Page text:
Solar Inverter and Specification Terms You Need to Know

Clipping/Scalping – This is the term used to describe the energy output that is lost due to undersizing an inverter. Any given inverter has a maximum power rating (at the residential level, measured in W or kW). When solar supplies DC power in excess of that inverter’s maximum power rating (what the inverter can handle), the resulting power is “clipped.”  It’s important to consider the solar panel arrays’ maximum power output and select an inverter with the correct size, model, and type in order to avoid excessive clipping. It’s normal for the DC system size to be about 1.2x greater than the inverter system’s max AC power rating. For example, a 12 kW solar PV array paired with a 10 kW inverter is said to have a DC:AC, or “Inverter Load Ratio,” of 1.2. When one takes into account real-world, site-specific conditions that affect power output, it may make sense to size the solar array a bit larger than the inverter’s max power rating, as there may be very few “power-limiting days,” or instances of clipping for that system.

Inverter Efficiency – A percentage that tells us how much DC power input to an inverter comes out as usable AC power. No inverter is 100% efficient, although some come close in favorable conditions. In the conversion from DC to AC, power is lost in the form of heat. While inverter efficiency is an important factor to consider in the selection process, there are other factors to consider that also affect a project’s economics, such as warranty, price, expected life, serviceability, and monitoring functions.

Maximum Power – This is the highest amount of power allowed to feed into an inverter, which is a function of the inverter’s specifications or the maximum power a solar panel can produce. This will occur at the optimal trade-off between voltage and current along a given panel’s I-V (current and voltage) curve.

Maximum Power Point (MPP) – A solar system’s power output will vary with conditions, such as how much sunlight it receives, temperature, and other factors. A fixed-tilt, stationary, roof or ground-mounted solar PV system might only produce its maximum rated power during a limited period of the day. Every specific solar cell has its own unique I-V curve, which relates its maximum power output to variations in current (I) and voltage (V).

Maximum Power Point Tracker (MPPT) – A device that periodically tracks characteristics of a given panel, string of panels, or system, and optimizes and varies voltage and amperage accordingly in order to produce maximum power.

Micro-Inverter – A device that converts direct current (DC) produced by a single solar panel into alternating current (AC). Micro-inverters are commonly connected to and installed at the site of, or behind, each individual solar panel in an array. Most micro-inverter makes are installed in the field, while some come panel-integrated by the manufacturer. Popular brands of micro-inverters include: Enphase, Chilicon, APS, ABB, SMA, and SunPower.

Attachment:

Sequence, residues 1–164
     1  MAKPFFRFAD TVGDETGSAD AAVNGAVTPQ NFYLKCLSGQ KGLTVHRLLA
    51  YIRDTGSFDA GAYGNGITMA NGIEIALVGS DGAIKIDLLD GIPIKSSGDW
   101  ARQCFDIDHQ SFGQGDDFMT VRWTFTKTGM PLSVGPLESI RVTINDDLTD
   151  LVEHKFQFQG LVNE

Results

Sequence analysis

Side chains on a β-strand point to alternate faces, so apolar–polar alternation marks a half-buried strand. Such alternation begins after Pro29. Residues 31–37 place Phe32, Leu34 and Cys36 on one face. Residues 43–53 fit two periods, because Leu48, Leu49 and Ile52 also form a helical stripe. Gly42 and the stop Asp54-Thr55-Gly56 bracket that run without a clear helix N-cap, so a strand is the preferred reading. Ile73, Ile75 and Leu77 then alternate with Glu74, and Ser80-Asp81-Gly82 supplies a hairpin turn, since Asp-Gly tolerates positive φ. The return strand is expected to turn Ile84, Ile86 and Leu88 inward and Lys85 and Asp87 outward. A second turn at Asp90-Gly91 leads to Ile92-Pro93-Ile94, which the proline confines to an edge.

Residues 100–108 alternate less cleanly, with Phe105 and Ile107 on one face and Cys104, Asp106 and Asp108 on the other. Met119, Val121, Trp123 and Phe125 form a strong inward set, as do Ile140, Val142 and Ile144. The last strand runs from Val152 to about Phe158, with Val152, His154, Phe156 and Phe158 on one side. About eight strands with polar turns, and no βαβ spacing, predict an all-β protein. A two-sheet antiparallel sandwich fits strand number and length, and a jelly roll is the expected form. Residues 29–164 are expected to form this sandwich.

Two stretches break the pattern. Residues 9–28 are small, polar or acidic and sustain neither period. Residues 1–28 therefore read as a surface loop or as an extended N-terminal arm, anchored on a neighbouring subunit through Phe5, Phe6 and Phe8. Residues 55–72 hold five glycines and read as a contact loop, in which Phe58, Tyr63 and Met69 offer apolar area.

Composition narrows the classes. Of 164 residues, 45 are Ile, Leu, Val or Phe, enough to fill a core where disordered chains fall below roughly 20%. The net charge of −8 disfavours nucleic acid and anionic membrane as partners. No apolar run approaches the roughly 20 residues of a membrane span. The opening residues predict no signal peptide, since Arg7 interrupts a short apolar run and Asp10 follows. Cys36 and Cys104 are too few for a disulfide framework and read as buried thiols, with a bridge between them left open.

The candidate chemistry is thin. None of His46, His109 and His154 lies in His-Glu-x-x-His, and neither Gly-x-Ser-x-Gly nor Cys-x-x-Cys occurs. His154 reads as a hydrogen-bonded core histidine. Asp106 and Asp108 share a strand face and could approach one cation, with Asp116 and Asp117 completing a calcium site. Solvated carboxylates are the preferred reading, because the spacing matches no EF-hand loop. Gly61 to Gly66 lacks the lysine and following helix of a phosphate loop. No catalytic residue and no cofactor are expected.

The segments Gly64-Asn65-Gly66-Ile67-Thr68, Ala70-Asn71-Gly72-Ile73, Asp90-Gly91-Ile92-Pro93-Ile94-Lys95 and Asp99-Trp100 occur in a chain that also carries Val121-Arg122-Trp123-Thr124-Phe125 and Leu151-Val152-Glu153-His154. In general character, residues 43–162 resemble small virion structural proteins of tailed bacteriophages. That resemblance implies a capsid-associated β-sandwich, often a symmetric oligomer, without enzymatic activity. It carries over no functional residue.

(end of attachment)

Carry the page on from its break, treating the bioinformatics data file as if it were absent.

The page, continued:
Optimizer – A DC-DC converter, optimizer, or “panel optimizer,” is a module-level power electronic device that increases the solar system’s energy output by constantly measuring the MPPT of each individual panel. The panel optimizers relay performance characteristics via a monitoring system to facilitate operations and any necessary maintenance. In essence, optimizers support flexible system designs and arrangements – with multiple panel orientations, tilts, azimuths, and module types in a given string. Because optimizers are a DC-DC, or DC-coupled, technology, systems using this technology will generally be compatible with DC-coupled energy storage or battery backup solutions, like the Tesla Powerwall. Perhaps the most advantageous benefit of using a DC optimizer is panel-level MPPT, or max-power point tracking. The result is increased energy harvest from a panel system, especially when subject to periodic or sweeping shade.

Peak Power Point – Another term for Maximum Power Point (MPP).

String Inverter – The device that converts direct current (DC) electricity produced by groups of solar panels (called strings), into usable alternating current (AC) electricity. String inverters are considered a “mature” solar technology that has proved effective, safe, and reliable. Residential, 240V AC string inverters usually carry manufacturer’s warranties of about 10 years. When installed to a manufacturer’s specifications, code, and best practices, a string inverter may require service or ultimately replacement during a photovoltaic system’s lifespan. Check with Pick My Solar to understand what is covered by your solar system’s workmanship warranty, as well as the inverter manufacturer’s warranty. Depending on what one’s goals, budget, and preferences are, string inverters can be a great option for your solar PV system.

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